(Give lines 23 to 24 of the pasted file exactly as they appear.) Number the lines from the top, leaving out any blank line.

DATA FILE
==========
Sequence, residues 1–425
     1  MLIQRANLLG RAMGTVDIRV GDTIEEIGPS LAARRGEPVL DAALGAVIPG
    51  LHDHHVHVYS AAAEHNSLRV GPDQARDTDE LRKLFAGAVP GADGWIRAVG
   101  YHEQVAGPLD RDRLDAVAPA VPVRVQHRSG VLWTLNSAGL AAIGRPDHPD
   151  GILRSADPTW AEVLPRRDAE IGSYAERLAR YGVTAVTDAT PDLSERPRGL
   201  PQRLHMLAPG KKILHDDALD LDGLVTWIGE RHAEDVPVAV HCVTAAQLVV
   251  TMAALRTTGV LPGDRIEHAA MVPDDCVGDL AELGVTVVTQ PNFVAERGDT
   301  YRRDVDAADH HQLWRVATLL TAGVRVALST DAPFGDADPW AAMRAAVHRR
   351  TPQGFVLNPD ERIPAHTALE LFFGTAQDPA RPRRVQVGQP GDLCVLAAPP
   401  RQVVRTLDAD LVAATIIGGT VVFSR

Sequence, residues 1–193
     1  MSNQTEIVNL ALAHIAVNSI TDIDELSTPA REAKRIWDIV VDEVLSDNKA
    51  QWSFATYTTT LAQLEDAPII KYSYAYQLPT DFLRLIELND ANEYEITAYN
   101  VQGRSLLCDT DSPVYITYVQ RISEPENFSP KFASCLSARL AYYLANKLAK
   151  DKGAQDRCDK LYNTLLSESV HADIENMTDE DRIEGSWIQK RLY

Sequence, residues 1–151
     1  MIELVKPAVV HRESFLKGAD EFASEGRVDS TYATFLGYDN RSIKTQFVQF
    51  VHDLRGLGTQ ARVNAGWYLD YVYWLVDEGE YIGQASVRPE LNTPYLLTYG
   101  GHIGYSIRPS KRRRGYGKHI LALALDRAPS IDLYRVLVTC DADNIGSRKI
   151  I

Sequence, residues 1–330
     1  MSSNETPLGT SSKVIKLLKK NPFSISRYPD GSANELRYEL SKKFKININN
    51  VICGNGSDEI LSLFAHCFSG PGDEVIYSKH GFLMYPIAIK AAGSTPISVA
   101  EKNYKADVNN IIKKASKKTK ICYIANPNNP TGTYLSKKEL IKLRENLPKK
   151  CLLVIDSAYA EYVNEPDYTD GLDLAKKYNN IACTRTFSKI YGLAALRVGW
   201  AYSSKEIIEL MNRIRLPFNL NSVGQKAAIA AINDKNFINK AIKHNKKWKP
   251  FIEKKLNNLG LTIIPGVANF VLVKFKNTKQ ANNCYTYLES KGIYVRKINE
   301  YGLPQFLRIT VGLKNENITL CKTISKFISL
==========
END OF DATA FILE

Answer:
    51  VICGNGSDEI LSLFAHCFSG PGDEVIYSKH GFLMYPIAIK AAGSTPISVA
   101  EKNYKADVNN IIKKASKKTK ICYIANPNNP TGTYLSKKEL IKLRENLPKK